Wilderness Survival for Girls (2004)

Directed by Eli B. Despres [Other horror films: N/A] & Kim Roberts [Other horror films: N/A]

After years of wanting to see this, I really didn’t expect something this atypical. Not that Wilderness Survival for Girls is a bad movie or anything, but it’s not really the type of movie I was expecting, and I think that some people, if they go in with the wrong preconceptions, may walk away from this rather disappointed.

I didn’t expect the film to be anywhere near as low-budget as it was, for one thing. This doesn’t hurt the movie, because, as you all may know, I enjoy quite a few low-to-no budget films, but I was just somewhat taken aback by exactly how amateur this film came across.

What is more important, and definitely far more crucial, to my final verdict is the plot, and I’ll say that I was expecting something significantly different, but it’s also worth saying that this movie did have some feeling and heart which helped it break past what could have been a somewhat dull affair.

And to be clear, I guess I should briefly discuss my expectations – I thought this was a slasher. Why? I don’t know – I guess that, to me, it sounded like one. Some teens go to a cabin and get stalked and killed off by some mysterious figure? Typical slasher stuff, I thought.

Boy, was I wrong. Instead, we follow these three young women who go to this cabin and just hang out for forty minutes or so. They joke around, show off some skin, give the audience a clear view of their varying personalities, and show the small cracks in the friendship, and also sprinkle in a few small, implied character traits that pop up later. They also get high, because these three know how to have a good time.

There’s nothing horror about any of this so far, to be clear. I guess at one point, the three think they see some mysterious guy watching them, but at best, it’s mildly suspenseful, and doesn’t lead anywhere at that time. What it lacks in horror, though, this first half of the film makes up for in giving us three very fleshed out characters, and I love that. These aren’t your average women of horror – these three have a lot of character and personality, and I dig it.

It helps that the performances are great. We have Clea DuVall, Natasha Lyonne, and Velma. Okay, that’s my attempt at a joke, but Jeanette Brox reminded me throughout of Clea DuVall (circa How to Make a Monster) with her somewhat dorky, timid character. Megan Henning, with her glasses and attitude, got me thinking Velma. And the carefree, lower-class character played by Ali Humiston had Natasha Lyonne’s look and attitude from American Pie down beautifully. The three work great together, and the friendship felt authentic.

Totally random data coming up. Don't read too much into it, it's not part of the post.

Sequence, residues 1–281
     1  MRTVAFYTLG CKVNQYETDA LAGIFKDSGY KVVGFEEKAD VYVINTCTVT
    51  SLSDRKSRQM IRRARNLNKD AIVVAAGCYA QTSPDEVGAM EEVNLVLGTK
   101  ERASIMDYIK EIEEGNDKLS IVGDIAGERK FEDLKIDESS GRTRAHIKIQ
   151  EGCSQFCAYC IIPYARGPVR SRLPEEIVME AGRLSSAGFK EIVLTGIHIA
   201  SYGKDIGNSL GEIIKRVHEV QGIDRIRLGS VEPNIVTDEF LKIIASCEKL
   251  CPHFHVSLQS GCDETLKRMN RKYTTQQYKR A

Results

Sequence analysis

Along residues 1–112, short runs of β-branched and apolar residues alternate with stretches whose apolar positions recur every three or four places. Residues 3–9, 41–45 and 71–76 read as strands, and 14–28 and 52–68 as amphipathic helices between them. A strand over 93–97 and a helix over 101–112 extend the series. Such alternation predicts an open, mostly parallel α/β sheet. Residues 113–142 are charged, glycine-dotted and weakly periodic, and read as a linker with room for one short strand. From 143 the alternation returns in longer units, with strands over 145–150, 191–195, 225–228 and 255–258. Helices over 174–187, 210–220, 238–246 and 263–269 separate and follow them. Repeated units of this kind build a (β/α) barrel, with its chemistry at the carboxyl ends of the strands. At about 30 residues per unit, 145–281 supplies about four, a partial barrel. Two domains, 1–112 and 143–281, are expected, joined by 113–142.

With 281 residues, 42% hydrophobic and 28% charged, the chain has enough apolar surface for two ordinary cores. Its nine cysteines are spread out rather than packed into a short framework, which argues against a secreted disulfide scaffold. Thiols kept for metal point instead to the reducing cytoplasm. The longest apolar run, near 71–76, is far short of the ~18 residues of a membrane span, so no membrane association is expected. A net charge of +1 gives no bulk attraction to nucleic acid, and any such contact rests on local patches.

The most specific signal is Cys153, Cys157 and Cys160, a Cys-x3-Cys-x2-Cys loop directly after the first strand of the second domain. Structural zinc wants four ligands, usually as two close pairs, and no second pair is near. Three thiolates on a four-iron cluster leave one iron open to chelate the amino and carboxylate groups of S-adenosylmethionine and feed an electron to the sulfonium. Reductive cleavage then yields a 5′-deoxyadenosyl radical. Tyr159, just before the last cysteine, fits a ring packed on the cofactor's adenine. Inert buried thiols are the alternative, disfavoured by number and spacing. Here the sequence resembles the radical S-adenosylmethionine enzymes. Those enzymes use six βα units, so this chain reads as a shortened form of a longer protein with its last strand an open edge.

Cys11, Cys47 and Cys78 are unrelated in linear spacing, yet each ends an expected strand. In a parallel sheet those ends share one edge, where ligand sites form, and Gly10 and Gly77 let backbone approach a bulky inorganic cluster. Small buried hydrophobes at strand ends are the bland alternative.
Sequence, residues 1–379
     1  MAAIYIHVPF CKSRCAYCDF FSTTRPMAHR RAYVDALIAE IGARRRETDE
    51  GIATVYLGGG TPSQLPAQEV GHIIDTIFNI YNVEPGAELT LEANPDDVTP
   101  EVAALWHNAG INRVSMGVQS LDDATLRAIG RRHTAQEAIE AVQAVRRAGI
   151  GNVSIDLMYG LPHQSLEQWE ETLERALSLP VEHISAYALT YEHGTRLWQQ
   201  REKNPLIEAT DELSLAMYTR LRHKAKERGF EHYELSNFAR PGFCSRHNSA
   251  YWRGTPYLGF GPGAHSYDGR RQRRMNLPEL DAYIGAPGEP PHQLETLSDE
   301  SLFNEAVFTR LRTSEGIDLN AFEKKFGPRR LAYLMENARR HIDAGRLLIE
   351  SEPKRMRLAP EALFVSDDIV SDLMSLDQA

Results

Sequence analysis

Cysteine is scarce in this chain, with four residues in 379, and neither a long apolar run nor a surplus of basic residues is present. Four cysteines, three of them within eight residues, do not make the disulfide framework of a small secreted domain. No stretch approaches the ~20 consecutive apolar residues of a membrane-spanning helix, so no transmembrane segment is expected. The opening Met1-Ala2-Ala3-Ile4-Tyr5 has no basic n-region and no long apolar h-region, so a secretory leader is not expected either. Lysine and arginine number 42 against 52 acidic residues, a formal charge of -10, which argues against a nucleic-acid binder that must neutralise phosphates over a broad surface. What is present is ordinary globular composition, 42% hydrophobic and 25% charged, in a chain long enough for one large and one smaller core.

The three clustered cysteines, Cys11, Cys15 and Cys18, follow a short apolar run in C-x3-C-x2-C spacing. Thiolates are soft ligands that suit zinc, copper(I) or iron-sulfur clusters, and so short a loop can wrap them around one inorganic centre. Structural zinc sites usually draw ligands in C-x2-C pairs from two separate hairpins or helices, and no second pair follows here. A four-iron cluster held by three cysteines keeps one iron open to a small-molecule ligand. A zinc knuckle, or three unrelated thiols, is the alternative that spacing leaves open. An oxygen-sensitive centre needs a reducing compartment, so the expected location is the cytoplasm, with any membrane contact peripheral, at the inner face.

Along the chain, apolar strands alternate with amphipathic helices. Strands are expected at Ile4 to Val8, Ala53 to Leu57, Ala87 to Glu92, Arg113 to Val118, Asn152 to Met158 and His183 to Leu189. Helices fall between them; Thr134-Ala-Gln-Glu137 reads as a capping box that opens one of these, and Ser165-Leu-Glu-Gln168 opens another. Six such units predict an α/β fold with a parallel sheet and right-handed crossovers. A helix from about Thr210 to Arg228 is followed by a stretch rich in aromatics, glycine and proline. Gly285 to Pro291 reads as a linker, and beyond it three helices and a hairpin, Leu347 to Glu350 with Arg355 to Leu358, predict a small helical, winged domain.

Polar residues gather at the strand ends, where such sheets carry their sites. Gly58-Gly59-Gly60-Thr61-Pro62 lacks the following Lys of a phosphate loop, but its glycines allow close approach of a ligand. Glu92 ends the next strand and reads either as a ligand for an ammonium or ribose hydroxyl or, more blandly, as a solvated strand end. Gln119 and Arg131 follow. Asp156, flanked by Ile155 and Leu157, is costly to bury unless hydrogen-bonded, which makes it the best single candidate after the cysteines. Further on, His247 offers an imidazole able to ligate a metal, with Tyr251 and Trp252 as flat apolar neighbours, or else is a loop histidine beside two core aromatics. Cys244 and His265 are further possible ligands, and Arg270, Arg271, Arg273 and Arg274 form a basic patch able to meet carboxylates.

In many ways, a lot of this film feels more liking a coming-of-age drama with the three teens, unsure of their futures (two of them are going to college while one isn’t), unsure of their sexualities, unsure of love, just hanging out and candidly talking about things such as drugs, sex, masturbation, and their problems. It might be dull to some, but like I said, I think it gives a lot of character to consider, and it all plays in once the action starts ratcheting up.

Not that the movie is ever really inundated with action; once a mysterious man comes to the cabin and the girls, afraid and also high, tie him up believing him to not be cut of clean cloth, the movie certainly becomes more suspenseful, but there’s really only a few distinct moments of actual action. We got a lot of character from the girls, and now we examine this random guy who may or may not be a threat, and based on what the girls have to work with, it could definitely go either way.

If you’re going into this movie expecting some run-of-the-mill slasher plot, like I was, you will definitely be surprised. For some, the movie may not be their cup of tea. Once I got past my slight confusion, though, I was drawn into the characters and the dilemma they faced, and I felt for the characters when they talked about feeling unloved, or when they go for the person they love and are knocked down, or when they bite back and forth over personalities (Debbie telling Ruth’s character that Kate has called her stupid was a heart-breaking, yet very real, very real conversation).

Do I think that the movie is a masterpiece? No, not really. And like I said, I think it has the potential to turn some horror fans off. For me, though, Wilderness Survival for Girls was a pleasant surprise, and what it lacked in the slasher feel I was expecting, it more than made up for in fully-formed characters and great, real dialogue. This is definitely a movie that, while I didn’t love, I won’t be forgetting.


Author: Jiggy's Horror Corner

Fan of the horror genre, writer of mini-reviews, and lover of slashers.

3 thoughts on “Wilderness Survival for Girls (2004)”

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